Ducks Won

Andrew Wilson

The coffee from the thermos was very good. Mud everywhere made things uncomfortable, and every time I moved my legs, dry mud crunched from my waders, but the coffee made it better. The decoys lay in two inches of water; now, all there is to do is wait for ducks.

Mud is worse than snow; it’s just as cold and impossible to get off the equipment, but if Dee were out here, he wouldn’t mind. My dad would surely mind; there’s no way he’d come out. We only hunted ducks once when I was a kid, and we sat on camp stools in the mud; it was not as bad as this. I was very young, and it was very dull, and the ducks did not fly. Then the wind picked up and became a storm, and my dad couldn’t row us back across the marsh. Whitecaps tossed our rowboat, and I was scared we’d capsize with my dad trying with all his might to keep the boat facing the waves. Dad never hunted ducks again.

Where was Dee? It’s not like him to miss the last weekend of the hunt. Maybe he’s waiting on his idiot son. The last time I saw his son, he looked like he was on drugs, but his son knows how to shoot ducks all right. Dee is so proud of his son, but that kid is on meth or worse.

Suddenly, I heard violin strokes high, and behind me, a squadron of ducks, just dark grey silhouettes against a grey sky. Damn, they’re too far. Dee always said never shoot further than you can throw a football. Let them go.

That meth is bad news. My cousin’s kid was on that shit, out of his mind. My cousin got into an argument with him, and he stabbed her with a kitchen knife 22 times and then slashed her face. Jesus, they said he was smoking a cigarette over his mom when the cops showed. Meth makes psychos. I can’t believe my cousin lived. Forget that and focus on the hunt. I’m in Dee’s favorite spot. He’s killed a thousand ducks here.

Across the muddy marsh, there were three rapid shotgun reports. Looking in my binoculars, I could see decoys spread out, accessorized with electric wing spinners.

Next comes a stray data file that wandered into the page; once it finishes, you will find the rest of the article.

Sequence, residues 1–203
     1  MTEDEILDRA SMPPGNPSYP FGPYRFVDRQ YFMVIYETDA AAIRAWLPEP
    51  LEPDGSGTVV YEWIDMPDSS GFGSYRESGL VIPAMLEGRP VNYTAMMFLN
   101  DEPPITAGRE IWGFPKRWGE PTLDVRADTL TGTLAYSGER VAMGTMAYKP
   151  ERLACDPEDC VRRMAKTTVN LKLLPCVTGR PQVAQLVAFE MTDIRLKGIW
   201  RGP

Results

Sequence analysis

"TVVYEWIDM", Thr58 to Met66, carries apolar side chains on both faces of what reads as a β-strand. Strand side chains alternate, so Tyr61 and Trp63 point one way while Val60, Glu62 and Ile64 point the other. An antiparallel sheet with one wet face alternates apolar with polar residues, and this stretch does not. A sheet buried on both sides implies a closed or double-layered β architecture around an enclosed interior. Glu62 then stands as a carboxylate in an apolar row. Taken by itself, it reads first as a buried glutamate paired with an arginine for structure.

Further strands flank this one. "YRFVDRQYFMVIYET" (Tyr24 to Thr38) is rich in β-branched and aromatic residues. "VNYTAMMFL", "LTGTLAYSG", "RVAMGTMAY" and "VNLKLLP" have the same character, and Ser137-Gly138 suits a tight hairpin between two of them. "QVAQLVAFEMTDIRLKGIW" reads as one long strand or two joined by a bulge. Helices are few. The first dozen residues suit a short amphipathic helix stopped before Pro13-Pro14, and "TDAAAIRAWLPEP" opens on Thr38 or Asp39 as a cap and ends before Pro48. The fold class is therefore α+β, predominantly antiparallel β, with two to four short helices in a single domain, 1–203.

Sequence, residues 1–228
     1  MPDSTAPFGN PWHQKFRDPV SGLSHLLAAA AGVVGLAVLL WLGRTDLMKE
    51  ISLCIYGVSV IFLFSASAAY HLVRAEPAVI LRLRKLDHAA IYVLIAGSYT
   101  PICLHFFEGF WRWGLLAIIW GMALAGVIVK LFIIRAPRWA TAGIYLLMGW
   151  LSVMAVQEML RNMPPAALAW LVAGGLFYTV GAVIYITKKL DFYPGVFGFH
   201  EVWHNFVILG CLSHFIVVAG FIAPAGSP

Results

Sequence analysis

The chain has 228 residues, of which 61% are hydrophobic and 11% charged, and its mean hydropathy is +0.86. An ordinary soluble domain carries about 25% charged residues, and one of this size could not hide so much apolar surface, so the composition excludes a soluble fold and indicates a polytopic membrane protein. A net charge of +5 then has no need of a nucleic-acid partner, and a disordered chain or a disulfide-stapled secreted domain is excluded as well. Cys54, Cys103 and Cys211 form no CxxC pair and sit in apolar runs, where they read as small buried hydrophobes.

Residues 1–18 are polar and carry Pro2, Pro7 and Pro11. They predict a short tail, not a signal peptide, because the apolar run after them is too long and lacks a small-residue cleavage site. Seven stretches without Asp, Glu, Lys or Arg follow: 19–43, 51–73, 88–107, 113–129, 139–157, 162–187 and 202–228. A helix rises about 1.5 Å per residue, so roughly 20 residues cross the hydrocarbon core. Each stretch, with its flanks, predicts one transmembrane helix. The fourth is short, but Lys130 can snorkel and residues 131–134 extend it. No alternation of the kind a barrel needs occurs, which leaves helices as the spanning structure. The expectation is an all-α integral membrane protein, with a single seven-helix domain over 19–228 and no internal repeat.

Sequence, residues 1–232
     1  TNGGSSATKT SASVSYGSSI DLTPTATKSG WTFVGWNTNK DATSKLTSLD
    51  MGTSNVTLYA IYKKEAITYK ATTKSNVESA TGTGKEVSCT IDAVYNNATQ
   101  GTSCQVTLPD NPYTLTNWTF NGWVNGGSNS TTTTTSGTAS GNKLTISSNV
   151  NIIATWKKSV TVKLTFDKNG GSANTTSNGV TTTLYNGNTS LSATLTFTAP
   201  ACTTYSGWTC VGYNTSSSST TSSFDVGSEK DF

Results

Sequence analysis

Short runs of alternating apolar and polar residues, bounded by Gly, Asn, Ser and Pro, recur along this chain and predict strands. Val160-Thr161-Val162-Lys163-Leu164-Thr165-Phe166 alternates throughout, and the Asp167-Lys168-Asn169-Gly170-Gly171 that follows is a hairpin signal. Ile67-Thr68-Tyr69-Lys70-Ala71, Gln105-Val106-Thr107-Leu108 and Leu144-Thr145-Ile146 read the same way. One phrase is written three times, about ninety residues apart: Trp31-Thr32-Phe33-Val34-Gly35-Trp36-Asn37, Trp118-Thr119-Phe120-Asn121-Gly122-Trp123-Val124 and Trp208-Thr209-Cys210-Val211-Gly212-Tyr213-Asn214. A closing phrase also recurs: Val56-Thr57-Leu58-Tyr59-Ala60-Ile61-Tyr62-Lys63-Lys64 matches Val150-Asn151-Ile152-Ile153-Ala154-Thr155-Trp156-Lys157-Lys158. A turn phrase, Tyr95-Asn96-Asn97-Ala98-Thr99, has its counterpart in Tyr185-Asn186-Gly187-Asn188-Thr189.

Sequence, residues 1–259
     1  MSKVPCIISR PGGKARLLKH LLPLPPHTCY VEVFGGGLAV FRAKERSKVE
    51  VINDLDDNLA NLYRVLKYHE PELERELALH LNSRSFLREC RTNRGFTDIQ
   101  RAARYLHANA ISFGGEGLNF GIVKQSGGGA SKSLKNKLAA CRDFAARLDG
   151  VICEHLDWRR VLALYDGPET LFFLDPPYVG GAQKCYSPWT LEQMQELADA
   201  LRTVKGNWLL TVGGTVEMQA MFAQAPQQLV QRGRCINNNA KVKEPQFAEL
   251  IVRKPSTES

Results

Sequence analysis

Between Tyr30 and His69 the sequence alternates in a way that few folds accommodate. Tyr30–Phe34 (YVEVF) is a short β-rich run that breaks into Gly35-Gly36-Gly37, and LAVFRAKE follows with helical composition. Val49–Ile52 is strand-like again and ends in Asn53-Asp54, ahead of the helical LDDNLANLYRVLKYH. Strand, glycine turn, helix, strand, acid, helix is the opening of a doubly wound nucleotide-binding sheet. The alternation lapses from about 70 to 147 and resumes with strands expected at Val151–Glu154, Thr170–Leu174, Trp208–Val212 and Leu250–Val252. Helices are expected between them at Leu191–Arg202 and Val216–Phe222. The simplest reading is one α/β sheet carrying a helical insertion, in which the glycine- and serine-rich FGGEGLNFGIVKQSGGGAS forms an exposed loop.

That’s Tony and his automatic, dammit, that string of ducks passed over him. He’s got about 50 decoys, the bastard.

Finally, my turn; what looked like at least a hundred ducks flew toward my spot in the mud.  When they got close, they forked in two directions; they could see me from high up. I took long shots at the ducks who drifted out of formation.  

Lead it two inches, at least. Dee would be so mad, but my dad would be proud; I got one and two. Fuck Dee; Dad used to drag me out to the skeet range for a reason; I’ll shoot as far as I want.

The ducks fell and fell and then smacked into the mud: a gadwall drake and hen.

God, they fly so beautifully, and when they take evasive action, no one except a hunter would believe how a duck flies. Now they’re covered in mud, just muddy, dead ducks. I should wipe the mud off.  

More reports from Tony’s blind reverberated across the marsh. It was getting cold and late.

Damn Tony, he’ll limit. I better bring the decoys in; it’s a long march back. 

As I was about to get up, a solo green head swooped around low and drippled down to the spread. I got him only 4 feet above the water.

Dee would have liked that; he was committed to the spread. My dad would have liked that too; it’d be nice if we all hunted together.  Anyway, I’m going back.

Tony was waiting for me as I slogged back to the truck.

“How’d you do?” Tony yelled over.

“Three” I was happy with three.

“I limited,” Tony said; he had a pile of birds, which is how it should go for someone with 50 decoys.

“Where’s Dee?” I asked.

“Didn’t you hear?  His son ODed.”

“Jesus.”

“Yeah, and then Dee figured, with his heart condition and all, that there wasn’t much more point, and shot himself.  He only had his son and duck hunting, you know,” Tony explained.

“With his ol’ duck gun?” 

“I think so, yeah’” Tony confirmed.

“Jesus, two damn fine shooters dead. The ducks must be happy.”




From the FE Films Archive


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